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Can a habitable planet have two separate crusts, both of which can sustain life? I am wondering if through the planet's creation, over time through some form of mantle cooling/erosion combination, without any intentional artificial construction, a planet can have two crusts, with air in between.

The larger the distance between the two, the better. Ideally, the distance between the two crusts would be greater than 12 km, allowing for flight. I know the atmospheric conditions would be vastly different between the two crusts, and I'm wanting the bottom crust to have similar conditions atmospheric conditions to those on earth, even having weather patterns. This would lead to an insanely thin atmosphere around the top crust.

The only way I can see working is some form of massive cave system forming in one of the thickest crusts ever developed or some columns that remain from erosion that has removed an area to create a troposphere. For simplicity sake, I'd say we just assume the top crust has enough holes to allow in light to sustain life on the bottom crust.

I do not know how to get the area between the two crusts sufficiently lit, but that would help too. The implications on society, evolution, and life in general, would be extremely fun to explore, but I want to know if the world is even possible without some sort of magic intervention.

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  • $\begingroup$ Welcome to Worldbuilding, Son of Thrain! If you have a moment, please take the tour and visit the help center to learn more about the site. You may also find Worldbuilding Meta and The Sandbox (both of which require 5 rep to post on) useful. Here is a meta post on the culture and style of Worldbuilding.SE, just to help you understand our scope and methods, and how we do things here. Have fun! $\endgroup$ – Dubukay Jul 26 '18 at 2:50
  • $\begingroup$ Related, if not even duplicate: worldbuilding.stackexchange.com/q/116146/30492 $\endgroup$ – L.Dutch Jul 26 '18 at 3:58
  • $\begingroup$ After reflection, and to further distinguish this question from the very good question posed by @crZyhamSter, I think it would be more interesting to theorize the creation of the crusts as completely natural. $\endgroup$ – Son of Thrain Jul 26 '18 at 4:07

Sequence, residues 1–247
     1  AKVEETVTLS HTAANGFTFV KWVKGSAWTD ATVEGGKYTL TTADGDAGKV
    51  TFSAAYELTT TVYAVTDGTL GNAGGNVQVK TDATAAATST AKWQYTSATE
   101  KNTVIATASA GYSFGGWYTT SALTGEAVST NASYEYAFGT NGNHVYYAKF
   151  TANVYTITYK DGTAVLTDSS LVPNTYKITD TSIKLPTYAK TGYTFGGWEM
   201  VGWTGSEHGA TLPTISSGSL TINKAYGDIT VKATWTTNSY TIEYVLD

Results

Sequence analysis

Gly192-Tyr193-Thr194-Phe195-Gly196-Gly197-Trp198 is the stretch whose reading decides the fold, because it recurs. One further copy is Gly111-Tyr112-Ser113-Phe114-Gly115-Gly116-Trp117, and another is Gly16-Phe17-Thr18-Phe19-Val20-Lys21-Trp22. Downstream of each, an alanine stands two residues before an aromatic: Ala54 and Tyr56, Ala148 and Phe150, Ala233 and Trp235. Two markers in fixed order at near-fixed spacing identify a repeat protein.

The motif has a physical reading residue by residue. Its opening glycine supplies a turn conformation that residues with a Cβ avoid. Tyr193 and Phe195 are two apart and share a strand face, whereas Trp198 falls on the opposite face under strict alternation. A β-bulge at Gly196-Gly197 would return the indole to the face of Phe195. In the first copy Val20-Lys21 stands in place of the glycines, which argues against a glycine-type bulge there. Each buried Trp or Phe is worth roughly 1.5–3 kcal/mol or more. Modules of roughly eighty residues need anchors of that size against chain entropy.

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    $\begingroup$ I added a tag to this question. You probably want to check out the other hollow-Earth tagged questions. $\endgroup$ – SRM Jul 26 '18 at 4:22
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    $\begingroup$ You want a habitable planet. Do you want the two levels habitable for the same species? Something human-like, even? $\endgroup$ – o.m. Jul 26 '18 at 15:49
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For a given value of 'atmosphere' we already know of one such planet. Well, Moon.

Europa

The smallest moon of Jupiter, Europa is interesting because it is hypothesised that the surface is made entirely of a thick layer of ice. How does this match your scenario? It's further hypothesised that under that ice, thanks to the heating produced by the Tides of Jupiter (awesome title for a book if ever I heard one) there is a liquid subsurface ocean.

It's not too much of a stretch to imagine a world with a rocky, pretty hot core entirely covered in water and cold enough at the surface that there is a constant layer of ice. Now: We know that life can evolve in oceanic abysses and we also know that life can survive in arctic conditions, so it's entirely possible to get two interlinked biospheres going (though interestingly you'd probably evolve photosynthetic life really late).

You'll also have to watch out for global warming.

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No

At least not for a world. Part of the definition of a planet is a body so large that gravity pulls it into a roughly round shape.